It was a week of mathematics here at The Big Questions. I am still reeling from the momentous events that inspired Monday’s post; we now know that the Internet has changed mathematics forever. On Friday, we celebrated the momentous achievenments of the new Fields Medalists.
In between, we began what will be an occasional series on the foundations of arithmetic. In Part I, we distinguished truth from provability. In Part II, we distinguished theories (that is, systems of axioms) from models (that is, the mathematical structures that the theories are intended to describe). A theory is a map; a model is the territory. In Part III we talked about consistency and stressed that it applies only to theories, not to models. A purported map of Nebraska can be inconsistent; Nebraska itself can’t be.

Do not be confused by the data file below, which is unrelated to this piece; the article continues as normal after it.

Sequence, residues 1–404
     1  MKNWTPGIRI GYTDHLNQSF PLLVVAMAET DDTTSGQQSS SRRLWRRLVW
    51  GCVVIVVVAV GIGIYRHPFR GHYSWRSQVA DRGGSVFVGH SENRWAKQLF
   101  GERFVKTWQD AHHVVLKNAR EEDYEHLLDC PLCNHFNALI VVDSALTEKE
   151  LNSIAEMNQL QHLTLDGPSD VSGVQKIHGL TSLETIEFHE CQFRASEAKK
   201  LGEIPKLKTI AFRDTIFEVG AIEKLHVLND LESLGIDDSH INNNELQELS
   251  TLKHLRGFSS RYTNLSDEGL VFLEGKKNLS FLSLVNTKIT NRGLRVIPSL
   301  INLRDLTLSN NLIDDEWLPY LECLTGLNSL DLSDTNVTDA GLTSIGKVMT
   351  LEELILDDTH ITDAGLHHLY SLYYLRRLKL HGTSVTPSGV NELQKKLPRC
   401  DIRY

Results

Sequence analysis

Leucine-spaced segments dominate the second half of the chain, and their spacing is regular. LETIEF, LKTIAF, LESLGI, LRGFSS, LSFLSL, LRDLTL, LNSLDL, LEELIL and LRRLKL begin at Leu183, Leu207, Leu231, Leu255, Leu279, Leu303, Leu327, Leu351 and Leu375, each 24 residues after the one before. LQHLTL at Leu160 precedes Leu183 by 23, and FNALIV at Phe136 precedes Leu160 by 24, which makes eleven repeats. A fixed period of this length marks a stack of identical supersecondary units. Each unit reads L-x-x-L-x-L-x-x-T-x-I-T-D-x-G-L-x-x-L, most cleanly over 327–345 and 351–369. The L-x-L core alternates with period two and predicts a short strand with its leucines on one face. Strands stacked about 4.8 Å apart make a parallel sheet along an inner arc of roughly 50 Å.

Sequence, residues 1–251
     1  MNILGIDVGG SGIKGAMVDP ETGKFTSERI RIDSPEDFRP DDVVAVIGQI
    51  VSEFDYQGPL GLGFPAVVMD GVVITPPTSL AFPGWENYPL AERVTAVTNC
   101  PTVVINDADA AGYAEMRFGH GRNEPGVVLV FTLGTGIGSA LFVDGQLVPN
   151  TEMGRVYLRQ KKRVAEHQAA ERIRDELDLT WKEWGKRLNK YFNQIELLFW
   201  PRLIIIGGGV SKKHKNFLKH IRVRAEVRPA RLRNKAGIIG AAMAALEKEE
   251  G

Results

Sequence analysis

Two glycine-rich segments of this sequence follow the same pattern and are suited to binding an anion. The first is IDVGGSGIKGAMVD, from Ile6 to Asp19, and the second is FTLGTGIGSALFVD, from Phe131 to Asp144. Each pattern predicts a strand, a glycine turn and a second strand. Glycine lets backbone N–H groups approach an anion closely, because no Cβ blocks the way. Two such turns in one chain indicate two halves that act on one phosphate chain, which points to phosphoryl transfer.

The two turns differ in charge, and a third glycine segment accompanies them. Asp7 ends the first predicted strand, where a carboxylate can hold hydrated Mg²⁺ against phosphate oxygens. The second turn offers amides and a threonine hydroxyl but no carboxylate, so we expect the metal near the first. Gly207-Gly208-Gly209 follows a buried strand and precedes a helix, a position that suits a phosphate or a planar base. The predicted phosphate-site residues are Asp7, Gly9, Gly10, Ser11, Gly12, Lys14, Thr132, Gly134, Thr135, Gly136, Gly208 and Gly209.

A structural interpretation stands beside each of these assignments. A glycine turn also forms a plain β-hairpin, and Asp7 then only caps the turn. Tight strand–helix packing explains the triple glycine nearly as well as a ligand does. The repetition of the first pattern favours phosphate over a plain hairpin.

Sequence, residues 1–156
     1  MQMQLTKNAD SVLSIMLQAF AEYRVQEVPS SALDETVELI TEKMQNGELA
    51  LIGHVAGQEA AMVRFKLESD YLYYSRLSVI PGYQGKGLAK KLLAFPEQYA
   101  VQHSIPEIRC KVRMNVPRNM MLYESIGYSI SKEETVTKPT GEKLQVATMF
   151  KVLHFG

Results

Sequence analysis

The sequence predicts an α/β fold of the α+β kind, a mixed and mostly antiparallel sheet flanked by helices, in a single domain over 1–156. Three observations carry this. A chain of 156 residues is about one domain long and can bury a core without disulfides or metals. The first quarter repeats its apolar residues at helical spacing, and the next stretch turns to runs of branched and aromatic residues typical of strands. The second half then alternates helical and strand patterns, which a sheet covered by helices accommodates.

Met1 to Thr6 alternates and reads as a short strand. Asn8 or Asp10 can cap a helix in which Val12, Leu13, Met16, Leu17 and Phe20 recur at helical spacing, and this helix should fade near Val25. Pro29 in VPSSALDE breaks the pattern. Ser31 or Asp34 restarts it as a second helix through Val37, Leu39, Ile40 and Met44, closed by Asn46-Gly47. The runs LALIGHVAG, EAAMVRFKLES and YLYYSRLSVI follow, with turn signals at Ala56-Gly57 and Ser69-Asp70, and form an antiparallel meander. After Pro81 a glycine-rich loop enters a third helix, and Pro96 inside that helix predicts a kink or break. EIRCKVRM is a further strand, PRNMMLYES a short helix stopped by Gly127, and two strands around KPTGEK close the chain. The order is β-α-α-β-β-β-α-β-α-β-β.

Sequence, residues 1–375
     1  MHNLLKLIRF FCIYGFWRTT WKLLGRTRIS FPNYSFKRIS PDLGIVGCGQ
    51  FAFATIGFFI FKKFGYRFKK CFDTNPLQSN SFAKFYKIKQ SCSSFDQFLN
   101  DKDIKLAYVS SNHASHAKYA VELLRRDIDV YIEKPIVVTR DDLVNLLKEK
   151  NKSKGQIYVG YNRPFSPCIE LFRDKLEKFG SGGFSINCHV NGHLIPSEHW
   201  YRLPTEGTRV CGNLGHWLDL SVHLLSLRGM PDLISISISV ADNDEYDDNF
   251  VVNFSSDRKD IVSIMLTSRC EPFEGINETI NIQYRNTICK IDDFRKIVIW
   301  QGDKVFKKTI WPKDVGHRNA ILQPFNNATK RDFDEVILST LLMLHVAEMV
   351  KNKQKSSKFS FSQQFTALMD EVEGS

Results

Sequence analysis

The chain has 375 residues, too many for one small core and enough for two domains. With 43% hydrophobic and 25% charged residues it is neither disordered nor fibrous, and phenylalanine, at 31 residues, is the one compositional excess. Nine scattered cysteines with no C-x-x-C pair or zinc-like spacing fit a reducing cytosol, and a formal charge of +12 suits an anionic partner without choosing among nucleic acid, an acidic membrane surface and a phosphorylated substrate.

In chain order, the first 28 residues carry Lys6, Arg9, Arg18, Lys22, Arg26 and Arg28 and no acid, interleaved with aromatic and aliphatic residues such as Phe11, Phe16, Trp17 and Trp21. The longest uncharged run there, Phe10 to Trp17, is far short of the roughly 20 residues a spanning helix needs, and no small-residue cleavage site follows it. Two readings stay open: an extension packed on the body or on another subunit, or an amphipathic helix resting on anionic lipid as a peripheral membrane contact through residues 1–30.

It turns out (a little surprisingly) that any consistent map must describe multiple territories. (That is, any consistent set of axioms must describe many mathematical structures — or in other words, any consistent theory must have many models.) (This assumes the map has enough detail to let us talk about addition and multiplication.) These territories—i.e. these mathematical structures, all look very different, even though they all conform to the map. Conclusion: No map can fully describe the territory. No set of axioms can fully describe the natural numbers.
I’ll continue this series sporadically, and eventually we’ll get into some controversial philosophical questions. So far we haven’t.
Speaking of controversy, I’ve increased the default font size for this blog. Tell me if you like it.